Tony and I were close most of the game, but he was tricked into bidding too much, which didn't allow him to continue a link, which I was able to claim. This connection gave me needed six ships without using the Ferry action.
I think this one edges out Tammany Hall for the best new game of the month. Acutally, all the new ones I played this month were good (and there was a fair amount, too).
Australia had great movement while playing. Score an area(s) and work on redeploying your men elsewhere to score again. I thought it was great with two and I think with 3-4 it will be quite awesome.
Klickado - A fun dex game of sort of a reverse pick up sticks. Instead of picking up sticks from the table, you are placing sticks suspended from a magnet.
Aliens: This Time It's War - a two player card game that has a TON of tension. This will be officially released with a different theme is my understanding. I hope the new theme will work.
Australia - see above.
Don - an auction filler game with a unique restriction on bidding. Well worth the play.
Tammany Hall - area control that is somewhat unique. The theme is awesome as I love that time period in history. Great five player game.
Vikings - Another cool game. Long term thought and short term tactics are key.
All good new games this month!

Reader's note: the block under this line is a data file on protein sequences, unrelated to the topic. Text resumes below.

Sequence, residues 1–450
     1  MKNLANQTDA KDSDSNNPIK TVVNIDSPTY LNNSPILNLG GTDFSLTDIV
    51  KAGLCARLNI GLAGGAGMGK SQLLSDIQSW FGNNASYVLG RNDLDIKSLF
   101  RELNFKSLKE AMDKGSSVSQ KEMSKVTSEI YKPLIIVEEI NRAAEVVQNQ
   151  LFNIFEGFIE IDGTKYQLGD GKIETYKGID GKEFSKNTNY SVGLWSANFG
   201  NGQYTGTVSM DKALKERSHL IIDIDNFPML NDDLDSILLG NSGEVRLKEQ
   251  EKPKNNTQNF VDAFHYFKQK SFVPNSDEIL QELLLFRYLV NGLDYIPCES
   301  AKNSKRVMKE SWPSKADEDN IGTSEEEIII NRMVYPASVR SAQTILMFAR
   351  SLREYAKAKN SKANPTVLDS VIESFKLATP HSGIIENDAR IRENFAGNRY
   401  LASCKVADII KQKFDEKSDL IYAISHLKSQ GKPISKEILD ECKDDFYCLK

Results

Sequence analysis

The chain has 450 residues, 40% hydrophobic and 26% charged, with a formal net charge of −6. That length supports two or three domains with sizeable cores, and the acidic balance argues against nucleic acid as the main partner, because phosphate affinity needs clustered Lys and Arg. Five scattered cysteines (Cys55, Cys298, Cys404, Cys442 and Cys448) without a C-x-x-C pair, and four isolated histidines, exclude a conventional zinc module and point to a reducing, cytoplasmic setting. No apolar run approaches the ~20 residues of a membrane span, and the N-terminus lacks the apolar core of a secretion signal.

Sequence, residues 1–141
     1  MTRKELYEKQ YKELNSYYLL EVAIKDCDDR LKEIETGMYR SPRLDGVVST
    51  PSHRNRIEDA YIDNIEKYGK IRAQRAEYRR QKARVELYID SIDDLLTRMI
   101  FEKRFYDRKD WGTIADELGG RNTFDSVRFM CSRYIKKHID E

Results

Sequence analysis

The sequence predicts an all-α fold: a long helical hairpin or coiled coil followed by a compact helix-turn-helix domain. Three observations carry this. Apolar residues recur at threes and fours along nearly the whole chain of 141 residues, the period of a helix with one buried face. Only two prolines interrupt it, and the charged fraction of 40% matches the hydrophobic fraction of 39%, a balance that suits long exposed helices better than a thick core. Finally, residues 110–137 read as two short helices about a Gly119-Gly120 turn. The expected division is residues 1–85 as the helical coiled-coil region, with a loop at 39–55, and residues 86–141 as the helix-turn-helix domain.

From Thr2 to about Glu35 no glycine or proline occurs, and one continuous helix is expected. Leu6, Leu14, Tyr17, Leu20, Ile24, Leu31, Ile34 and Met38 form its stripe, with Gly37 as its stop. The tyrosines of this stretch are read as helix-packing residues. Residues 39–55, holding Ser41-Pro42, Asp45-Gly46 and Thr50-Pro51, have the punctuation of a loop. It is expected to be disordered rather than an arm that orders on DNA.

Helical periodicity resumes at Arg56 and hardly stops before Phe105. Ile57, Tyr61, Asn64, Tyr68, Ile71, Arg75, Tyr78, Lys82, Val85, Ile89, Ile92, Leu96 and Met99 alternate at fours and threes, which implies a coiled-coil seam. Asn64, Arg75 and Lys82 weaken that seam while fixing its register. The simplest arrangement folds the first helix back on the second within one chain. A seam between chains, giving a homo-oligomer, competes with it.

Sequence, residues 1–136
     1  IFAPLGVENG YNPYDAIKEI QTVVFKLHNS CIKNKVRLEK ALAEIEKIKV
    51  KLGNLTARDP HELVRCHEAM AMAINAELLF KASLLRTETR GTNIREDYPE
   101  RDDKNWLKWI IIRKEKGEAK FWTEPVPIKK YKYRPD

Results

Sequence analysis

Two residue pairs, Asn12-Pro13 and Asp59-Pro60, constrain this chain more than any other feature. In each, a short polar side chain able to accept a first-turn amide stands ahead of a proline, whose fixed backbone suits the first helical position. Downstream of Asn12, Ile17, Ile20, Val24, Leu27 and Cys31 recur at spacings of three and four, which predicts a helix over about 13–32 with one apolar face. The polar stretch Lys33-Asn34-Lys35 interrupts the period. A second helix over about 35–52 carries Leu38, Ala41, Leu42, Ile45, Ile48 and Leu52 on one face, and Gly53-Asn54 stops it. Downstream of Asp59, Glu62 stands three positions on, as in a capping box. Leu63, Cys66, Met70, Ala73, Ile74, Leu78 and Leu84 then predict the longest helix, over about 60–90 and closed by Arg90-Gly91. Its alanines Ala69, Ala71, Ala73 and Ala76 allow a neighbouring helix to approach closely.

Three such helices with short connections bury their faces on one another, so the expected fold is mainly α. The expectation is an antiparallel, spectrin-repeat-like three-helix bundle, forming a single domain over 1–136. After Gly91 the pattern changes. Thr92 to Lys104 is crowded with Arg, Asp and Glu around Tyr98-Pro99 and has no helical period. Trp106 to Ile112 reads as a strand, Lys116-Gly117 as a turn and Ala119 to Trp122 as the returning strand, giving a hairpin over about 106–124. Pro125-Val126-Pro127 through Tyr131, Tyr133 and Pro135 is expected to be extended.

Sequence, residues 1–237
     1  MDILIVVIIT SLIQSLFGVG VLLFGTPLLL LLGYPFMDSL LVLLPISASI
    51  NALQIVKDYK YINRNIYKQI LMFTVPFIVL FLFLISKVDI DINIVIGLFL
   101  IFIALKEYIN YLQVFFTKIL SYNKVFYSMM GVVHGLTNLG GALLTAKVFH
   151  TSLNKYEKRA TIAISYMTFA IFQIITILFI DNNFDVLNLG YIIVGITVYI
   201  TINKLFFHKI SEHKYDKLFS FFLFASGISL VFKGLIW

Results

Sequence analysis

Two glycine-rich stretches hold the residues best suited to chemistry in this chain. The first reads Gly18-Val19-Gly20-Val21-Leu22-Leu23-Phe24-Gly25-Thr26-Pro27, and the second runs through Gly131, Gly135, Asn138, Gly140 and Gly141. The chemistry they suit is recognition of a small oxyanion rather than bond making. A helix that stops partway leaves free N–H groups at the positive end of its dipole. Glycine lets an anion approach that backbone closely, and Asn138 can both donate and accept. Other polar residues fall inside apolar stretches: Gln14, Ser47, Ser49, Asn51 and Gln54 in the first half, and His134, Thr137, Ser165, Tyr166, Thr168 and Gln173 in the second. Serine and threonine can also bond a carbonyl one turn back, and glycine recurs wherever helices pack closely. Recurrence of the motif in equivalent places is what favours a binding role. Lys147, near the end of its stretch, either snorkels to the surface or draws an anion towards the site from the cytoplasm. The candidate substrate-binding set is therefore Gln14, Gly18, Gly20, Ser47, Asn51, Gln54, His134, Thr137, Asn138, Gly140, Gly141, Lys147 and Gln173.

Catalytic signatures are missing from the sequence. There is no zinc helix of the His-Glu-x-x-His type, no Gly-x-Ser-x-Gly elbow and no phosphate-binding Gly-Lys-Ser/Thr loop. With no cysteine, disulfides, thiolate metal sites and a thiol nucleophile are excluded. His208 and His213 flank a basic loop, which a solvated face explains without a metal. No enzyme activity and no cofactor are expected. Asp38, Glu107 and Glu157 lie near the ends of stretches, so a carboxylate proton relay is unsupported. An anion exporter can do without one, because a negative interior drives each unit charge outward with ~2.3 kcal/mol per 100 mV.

I got to play a four-player game of Letters from Whitechapel a couple weekends ago. I really enjoyed it and would love to be able to play it again soon.
Just before that, I got to sit down for my first ever game of Qwirkle. The concept seemed simple enough during the rules explanation (two new players and two vets), but I quickly discovered that there was a bit more strategy to the game than I initially thought. I got thoroughly stomped and didn't even come close to competing for third place, but it was enjoyable nonetheless. Might be a good one to pick up for gaming with the wife.
The last new game for me this month was The Gardens of the Alhambra. I think I enjoyed this game more because everyone seemed to be equally confused about developing a strategy than I enjoyed it for the game itself. I'm not particularly eager to play this one again, but I could probably be persuaded.
Why don't you believe me?
Seriously, I'm a weasel.
Only three new games this month.
Hannibal: Rome vs. Carthage was definitely my favorite for the month. An interesting CDG that is very much an area control game with some unique mechanics of its own. Movement is very limited due to the number of generals so it feels much closer to a Euro-style game than I had expected. The combat card mechanic was interesting and strange at the same time. It fits within the game, but I'm not sure why the designer went with it. My game ended after the final turn (no forced victories earlier) with a win by Carthage (me) after they managed to force Rome out of Sicilia for the edge.
Intrigo was an interesting little filler. I was honestly not expecting much from the game, but was surprised by the choices presented. The symbols on the special Influences could be improved, but overall it was an enjoyable 15-20 minute game.
Furstenfeld was okay. Nothing really remarkable, but nothing truly terrible. The constant fiddling with the resources was the only real awful part. The game is quite light and the turns are so quick, that the movement is very excessive.
Hannibal: Rome vs. Carthage - 7.5
Intrigo - 6
Furstenfeld - 5